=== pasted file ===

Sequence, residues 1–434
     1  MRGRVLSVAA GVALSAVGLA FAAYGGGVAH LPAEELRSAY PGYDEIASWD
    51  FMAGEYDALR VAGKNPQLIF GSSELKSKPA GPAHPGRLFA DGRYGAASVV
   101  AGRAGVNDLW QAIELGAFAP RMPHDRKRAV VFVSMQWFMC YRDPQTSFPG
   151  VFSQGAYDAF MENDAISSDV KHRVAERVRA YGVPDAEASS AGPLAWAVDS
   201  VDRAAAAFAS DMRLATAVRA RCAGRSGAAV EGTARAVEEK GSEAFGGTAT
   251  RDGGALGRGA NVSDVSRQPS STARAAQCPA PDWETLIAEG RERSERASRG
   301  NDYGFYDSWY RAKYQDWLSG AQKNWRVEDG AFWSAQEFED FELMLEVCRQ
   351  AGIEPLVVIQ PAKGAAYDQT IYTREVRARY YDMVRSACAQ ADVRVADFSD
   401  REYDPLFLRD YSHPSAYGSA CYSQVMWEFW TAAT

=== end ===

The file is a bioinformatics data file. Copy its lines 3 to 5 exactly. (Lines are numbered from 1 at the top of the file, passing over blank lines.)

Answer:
    51  FMAGEYDALR VAGKNPQLIF GSSELKSKPA GPAHPGRLFA DGRYGAASVV
   101  AGRAGVNDLW QAIELGAFAP RMPHDRKRAV VFVSMQWFMC YRDPQTSFPG
   151  VFSQGAYDAF MENDAISSDV KHRVAERVRA YGVPDAEASS AGPLAWAVDS